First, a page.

The stabbing of Salman Rushdie by a Muslim fanatic on Aug. 12 reminded the world that despite appearances to the contrary, intellectuals aren’t immune to the consequences of their ideas about politics and religion. A free society as we have come to understand it, however, aspires to nullify the mortal risk, believing that nobody should be attacked or killed over concepts that are essentially contested.

This ideal of a free society is hard to maintain. The difficulty is at the heart of the political problem in a liberal democracy. One way to protect against dangerous thinking is no longer to permit dangerous thoughts, curtailing the freedom that such a society is meant to uphold. That is akin to putting out the fire of faction by cutting off the oxygen of freedom and suffocating oneself, as the Founders knew. But permitting unorthodox thoughts and then punishing them for unorthodoxy is hardly a better solution.

What is to be done? If, for example, you believe children shouldn’t be transitioned without a parent’s permission before a certain age and someone else argues otherwise, your dispute isn’t only about abstract ideas. It is about real families, real children’s lives, and the real well-being of society. There is something at stake. Ideas permeate the flesh-and-blood world, through law and other mediums. How do we give them their due? In the case of Rushdie, shouldn’t a free society be unanimous in asserting that there is no justification for the attempted murder of a writer?

What about the terrible case of the infamous Russian thinker Alexander Dugin, called “Putin’s Brain” by Foreign Affairs for his ideological influence in shaping the project of a new Russian imperialism? On Saturday, there was an apparent attack against him in Moscow that led to the death of his daughter, Darya, herself a social and political commentator. While the two of them attended the “Tradition” festival of music and literature, someone planted a bomb in his car. Alexander took a different vehicle home from the festival. Darya drove his car. It seems he was the intended victim; their enemies are glad at least one of them is dead.

Both father and daughter are leading proponents of a political theory that is anti-liberal, anti-communist, anti-fascist, anti-globalist, anti-Atlanticist, anti-woke, pro-Eurasian, pro-multipolar, pro-traditionalist, pro-Russian. Both had spoken in favor of Russia’s war against Ukraine as part of a great clash of civilizations, ideologies, and geopolitical forces. Alexander was particularly adamant during the 2014 hostilities that Putin should do more to punish the anti-Russian Ukrainian regime by fighting for the establishment of Novorossiya in the East. In their view, a Westernized Ukraine that joins NATO poses an existential threat to Russian civilization. In a 2021 speech, Putin likened the danger to the use of a weapon of mass destruction against Russia.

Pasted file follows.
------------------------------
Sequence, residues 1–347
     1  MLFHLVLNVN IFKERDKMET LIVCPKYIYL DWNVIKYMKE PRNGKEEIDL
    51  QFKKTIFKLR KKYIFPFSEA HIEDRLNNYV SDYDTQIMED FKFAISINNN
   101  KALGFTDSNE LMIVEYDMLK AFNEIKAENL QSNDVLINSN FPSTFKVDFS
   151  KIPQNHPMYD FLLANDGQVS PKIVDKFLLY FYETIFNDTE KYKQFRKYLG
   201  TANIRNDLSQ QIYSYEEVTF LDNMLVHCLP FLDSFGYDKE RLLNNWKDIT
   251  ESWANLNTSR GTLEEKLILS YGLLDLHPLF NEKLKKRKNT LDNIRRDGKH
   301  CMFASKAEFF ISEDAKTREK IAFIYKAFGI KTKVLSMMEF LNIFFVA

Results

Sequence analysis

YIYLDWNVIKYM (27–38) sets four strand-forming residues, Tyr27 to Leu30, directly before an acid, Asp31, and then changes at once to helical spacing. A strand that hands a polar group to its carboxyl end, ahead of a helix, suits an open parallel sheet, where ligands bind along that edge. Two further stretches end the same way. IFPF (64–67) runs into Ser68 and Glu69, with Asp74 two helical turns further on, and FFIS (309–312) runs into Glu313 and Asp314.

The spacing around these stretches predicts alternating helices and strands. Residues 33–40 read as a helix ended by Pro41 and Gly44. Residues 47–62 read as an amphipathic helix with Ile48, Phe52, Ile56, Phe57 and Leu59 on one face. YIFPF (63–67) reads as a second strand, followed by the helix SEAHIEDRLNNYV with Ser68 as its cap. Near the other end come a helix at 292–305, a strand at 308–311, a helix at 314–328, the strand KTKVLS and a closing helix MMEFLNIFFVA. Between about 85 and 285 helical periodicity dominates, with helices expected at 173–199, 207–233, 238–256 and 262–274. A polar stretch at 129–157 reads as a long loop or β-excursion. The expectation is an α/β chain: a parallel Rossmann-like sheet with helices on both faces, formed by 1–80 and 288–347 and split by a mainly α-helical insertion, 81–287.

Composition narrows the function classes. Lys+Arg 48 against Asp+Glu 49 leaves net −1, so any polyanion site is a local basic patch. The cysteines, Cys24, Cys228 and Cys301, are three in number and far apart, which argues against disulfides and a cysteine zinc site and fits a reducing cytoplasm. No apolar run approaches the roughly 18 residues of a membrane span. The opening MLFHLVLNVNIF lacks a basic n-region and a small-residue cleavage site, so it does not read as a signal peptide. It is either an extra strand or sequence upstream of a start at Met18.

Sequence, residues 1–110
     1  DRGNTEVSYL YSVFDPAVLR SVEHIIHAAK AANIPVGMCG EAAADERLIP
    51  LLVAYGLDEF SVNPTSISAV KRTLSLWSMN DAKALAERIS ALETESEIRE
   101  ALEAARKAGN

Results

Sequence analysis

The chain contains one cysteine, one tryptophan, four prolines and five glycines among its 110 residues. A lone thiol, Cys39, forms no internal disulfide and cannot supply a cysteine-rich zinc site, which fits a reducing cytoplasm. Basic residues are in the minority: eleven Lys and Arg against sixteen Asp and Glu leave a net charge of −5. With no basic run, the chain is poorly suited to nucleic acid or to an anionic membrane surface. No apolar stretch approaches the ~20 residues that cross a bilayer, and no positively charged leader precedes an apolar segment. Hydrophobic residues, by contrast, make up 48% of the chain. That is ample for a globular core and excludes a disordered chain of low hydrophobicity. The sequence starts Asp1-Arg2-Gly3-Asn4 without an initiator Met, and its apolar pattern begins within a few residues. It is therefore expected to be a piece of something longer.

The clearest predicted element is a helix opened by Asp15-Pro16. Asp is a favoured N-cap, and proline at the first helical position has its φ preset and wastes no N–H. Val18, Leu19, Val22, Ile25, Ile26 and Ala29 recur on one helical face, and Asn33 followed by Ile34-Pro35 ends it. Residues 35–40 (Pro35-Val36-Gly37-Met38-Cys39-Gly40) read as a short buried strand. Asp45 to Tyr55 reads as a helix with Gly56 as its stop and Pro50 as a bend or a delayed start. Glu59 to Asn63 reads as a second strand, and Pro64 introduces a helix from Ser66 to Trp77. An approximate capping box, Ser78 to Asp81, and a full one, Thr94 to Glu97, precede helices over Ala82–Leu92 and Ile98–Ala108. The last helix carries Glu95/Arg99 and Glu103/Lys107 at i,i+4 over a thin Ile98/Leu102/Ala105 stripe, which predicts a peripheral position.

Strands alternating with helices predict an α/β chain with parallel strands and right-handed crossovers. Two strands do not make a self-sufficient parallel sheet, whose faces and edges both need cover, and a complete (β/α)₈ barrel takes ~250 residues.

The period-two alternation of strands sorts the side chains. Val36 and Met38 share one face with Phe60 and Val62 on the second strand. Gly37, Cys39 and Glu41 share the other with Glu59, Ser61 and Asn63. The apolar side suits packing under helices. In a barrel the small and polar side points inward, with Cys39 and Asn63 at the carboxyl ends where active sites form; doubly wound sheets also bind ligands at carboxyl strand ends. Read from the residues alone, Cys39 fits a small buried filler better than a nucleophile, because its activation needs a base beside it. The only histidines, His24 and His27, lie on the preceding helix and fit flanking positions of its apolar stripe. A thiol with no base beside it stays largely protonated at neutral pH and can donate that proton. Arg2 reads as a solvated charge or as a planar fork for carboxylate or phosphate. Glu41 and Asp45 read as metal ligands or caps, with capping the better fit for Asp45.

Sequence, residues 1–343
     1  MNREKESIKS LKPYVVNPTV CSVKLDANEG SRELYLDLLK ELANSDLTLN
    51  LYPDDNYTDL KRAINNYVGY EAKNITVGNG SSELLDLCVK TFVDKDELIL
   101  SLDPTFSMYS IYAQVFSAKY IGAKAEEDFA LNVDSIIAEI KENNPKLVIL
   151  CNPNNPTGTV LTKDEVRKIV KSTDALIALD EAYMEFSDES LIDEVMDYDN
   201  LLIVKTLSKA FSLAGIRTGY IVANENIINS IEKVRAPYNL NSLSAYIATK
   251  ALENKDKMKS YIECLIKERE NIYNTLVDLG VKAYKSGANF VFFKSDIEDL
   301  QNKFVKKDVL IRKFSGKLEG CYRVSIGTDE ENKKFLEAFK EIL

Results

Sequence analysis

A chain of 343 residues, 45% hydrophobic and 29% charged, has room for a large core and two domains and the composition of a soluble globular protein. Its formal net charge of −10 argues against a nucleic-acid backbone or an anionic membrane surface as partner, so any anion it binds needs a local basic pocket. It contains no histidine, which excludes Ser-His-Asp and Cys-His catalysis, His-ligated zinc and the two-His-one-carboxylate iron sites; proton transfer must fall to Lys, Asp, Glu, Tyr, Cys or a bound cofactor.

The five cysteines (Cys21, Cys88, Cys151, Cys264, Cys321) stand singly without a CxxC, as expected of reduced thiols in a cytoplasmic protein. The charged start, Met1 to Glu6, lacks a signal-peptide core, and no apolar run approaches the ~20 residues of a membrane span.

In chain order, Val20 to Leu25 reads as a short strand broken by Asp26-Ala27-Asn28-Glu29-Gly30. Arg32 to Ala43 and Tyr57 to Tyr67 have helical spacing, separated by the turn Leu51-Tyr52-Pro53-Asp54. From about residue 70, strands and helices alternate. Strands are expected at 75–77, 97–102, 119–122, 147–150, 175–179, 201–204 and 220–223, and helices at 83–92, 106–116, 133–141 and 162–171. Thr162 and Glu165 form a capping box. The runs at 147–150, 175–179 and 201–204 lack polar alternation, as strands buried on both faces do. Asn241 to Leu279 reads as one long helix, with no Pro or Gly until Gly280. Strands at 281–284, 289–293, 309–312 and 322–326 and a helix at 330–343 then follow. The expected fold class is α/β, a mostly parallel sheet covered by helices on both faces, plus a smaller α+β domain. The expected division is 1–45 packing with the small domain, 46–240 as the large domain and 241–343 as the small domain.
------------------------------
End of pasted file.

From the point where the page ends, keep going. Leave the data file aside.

“Many people suggested that Dugin got what he deserved.”

Pro-Western Ukrainians fighting for national independence thus had reasons not to like the Dugins’ ideas. So did Russian anti-Eurasianists who defended another vision of Russia’s future. It is no surprise, then, that her murder and his near death were celebrated online as the welcome fate of fascist neo-Nazis. “He who sows the wind shall reap the whirlwind,” tweeted Julia Ioffe. Many people suggested that Dugin got what he deserved, just as you could find deranged voices praising the attack on Rushdie, the infidel, alongside an eerie silence from some who in failing to denounce the attack almost seemed to condone it.

These two cases raise hard questions for Western intellectuals. The Western powers have aligned with Ukraine against Russia in response to Putin’s invasion. Ukraine represents freedom and democracy; Russia, authoritarianism and repression. Zelensky is a hero; Putin, the devil. The significance of this geopolitical alignment on the intellectual plane is that commentators who share any part of the “Russian” position or oppose any part of the “Ukrainian” or “Western” one are treated as practically traitorous, not to say Satanic. Almost anything goes in shutting them up. Weighed on the scales of justice, nothing compares to the crime of supporting the new Hitler.

Rushdie is a slightly different matter. He at least stands for a liberal principle of freedom of speech, however problematically. But even in his case, the possibility of violence could long be played down or even tacitly accepted. For by insulting Islam, he had violated the liberal imperative of inclusion. Threats against his life, like threats against Dugin’s, could be accepted far more readily than threats against the life of an impeccably progressive intellectual. Notwithstanding the conceit of liberal neutrality, the liberal has more tolerance for some forms of political violence than others.

Alexander and Darya Dugin have a vision of the world order. It is impossible to think about politics and not to incline towards one such vision or another, whether it is nationalism, internationalism, imperialism, anarchism, republicanism, or whatever you please. And these visions have consequences when they are brought into being. But we should resist in any way accepting, justifying, excusing, or celebrating physical violence against thinkers with whom we disagree, however viscerally. The world is darkening. Murdering intellectuals does not bring light. It doesn’t even kill their ideas.

Michael Millerman is the author of Inside “Putin's Brain”: The Political Philosophy of Alexander Dugin.


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